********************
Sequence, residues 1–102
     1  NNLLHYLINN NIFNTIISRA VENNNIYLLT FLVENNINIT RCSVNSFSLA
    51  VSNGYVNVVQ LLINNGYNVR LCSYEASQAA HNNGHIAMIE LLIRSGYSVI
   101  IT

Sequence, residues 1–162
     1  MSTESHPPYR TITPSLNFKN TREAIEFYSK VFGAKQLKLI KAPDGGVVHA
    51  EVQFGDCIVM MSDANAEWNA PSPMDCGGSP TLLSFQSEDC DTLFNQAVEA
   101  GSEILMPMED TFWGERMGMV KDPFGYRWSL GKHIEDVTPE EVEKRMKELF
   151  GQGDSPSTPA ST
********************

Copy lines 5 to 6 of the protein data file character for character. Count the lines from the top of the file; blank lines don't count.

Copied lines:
Sequence, residues 1–162
     1  MSTESHPPYR TITPSLNFKN TREAIEFYSK VFGAKQLKLI KAPDGGVVHA